Tuesday, November 21, 2006

An Army of Slaves: The Military Draft

Rep. Charles Rangel (D) has this past week called for the enactment of national conscription. He posits that a draft would reduce the likelihood that American politicians send their troops into foreign conflict, as they would face the moral dilemma of sending unwilling soldiers into danger. Such an argument, regardless of how true it may or may not be, does not justify the existence of a draft in the United States.

Freedom is a concept that is held dear by Americans. They value their individualism, and their right to live as they please, so long as it is within the (sometimes overbearing) constraints of the law. Indeed, such fundamentally American beliefs are upheld by the document all Americans hold revere, the Constitution. It is thus morally unacceptable for the government of the United States to enact a draft. A draft is governmental coercion: it is a government action undertaken to support governmental objectives. A draft, conscripting forcefully citizens into the standing army, forces the draftee into carrying out the wishes of those he does not necessarily support. It is outrageous that such force and coercion be used while calling it ‘patriotism’ in the process.

An army of slaves does not bode well for the world’s leader of freedom. And that is just what a draft would entail. Throughout its brief history, every war the United States has fought has been under the banner of freedom and liberation of those oppressed peoples of the world. Yet, especially in the Vietnam War of the 1960s, the United States operated under a cloak rife with contradictions. The soldiers used in Vietnam, to liberate the “oppressed” were in fact oppressed themselves, coerced into service, supporting government at the expense of personal liberty.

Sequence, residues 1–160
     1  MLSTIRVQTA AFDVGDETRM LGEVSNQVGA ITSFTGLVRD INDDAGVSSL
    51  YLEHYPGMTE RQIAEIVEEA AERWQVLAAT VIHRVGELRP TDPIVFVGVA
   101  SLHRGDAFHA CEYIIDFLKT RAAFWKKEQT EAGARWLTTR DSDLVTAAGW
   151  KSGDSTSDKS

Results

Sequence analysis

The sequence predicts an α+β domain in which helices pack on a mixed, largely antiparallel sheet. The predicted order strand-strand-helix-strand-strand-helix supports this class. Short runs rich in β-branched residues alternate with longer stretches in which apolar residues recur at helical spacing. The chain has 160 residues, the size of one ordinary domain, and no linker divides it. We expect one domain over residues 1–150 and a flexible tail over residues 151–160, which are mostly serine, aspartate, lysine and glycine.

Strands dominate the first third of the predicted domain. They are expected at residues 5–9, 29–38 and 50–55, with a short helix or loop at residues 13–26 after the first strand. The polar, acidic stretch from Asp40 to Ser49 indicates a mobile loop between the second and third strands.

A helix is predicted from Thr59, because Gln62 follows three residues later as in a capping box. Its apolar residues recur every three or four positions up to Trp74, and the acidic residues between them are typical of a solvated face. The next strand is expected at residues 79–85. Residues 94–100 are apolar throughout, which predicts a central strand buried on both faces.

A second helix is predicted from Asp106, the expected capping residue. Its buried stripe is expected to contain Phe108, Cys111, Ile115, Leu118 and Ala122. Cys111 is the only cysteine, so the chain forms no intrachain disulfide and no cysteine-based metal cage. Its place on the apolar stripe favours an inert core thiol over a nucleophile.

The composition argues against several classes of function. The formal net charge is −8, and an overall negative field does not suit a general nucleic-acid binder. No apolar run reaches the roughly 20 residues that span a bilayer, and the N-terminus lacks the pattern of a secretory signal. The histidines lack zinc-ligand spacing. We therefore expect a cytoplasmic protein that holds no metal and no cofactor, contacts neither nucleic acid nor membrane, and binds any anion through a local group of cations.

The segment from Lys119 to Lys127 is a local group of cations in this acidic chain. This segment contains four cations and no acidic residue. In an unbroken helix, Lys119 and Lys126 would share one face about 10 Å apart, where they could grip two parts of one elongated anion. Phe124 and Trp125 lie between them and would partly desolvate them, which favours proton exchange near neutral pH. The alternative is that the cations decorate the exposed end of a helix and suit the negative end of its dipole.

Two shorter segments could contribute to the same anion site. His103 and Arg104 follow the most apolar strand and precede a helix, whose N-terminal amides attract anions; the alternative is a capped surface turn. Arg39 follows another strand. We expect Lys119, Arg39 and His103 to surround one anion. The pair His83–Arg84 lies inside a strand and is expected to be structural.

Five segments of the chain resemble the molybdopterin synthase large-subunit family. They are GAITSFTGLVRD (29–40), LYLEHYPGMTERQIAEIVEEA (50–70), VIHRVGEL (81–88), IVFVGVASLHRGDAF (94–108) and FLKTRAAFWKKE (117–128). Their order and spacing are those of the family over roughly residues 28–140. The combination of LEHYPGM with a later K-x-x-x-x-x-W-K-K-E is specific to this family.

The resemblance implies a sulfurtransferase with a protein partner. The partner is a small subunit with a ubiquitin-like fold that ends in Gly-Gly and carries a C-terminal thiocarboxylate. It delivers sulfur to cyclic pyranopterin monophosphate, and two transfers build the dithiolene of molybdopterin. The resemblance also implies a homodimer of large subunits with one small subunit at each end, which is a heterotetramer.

Conscription, while being morally indefensible, is at the same time economically unsound. A draft represents central planning at its finest. The government (military) coerces young men into service, and subsequently delegates them to the positions that the government deems fit, not the individual. The government, in a draft, has ultimate say in how military resources, in this case labor, are allocated. Central planning does not work as an economic system, and it doesn’t work in a military one. Inevitably, the government will misallocate conscripted soldiers, not maximizing the efficiency of the army – which could prove to be disastrous.

A volunteer army, on the other hand, tackles all the problems a draft poses. An army of volunteers ensures a military that is both willing and patriotic, ingredients critical to beneficial military morale and subsequently success. It also allows the individual to work in the capacity that he or she chooses, ensuring, as the market theory dictates, an efficient allocation of resources conducive to success.

The thought of a compulsory draft in the United States is disturbing. To consider it would be to support coercion, to support government intervention in how individuals lead their lives. To consider it would be to impose patriotism on the unwilling, nationalism on the reluctant. It is morally wrong, and economically unsound. A draft would be, quite simply, a disaster.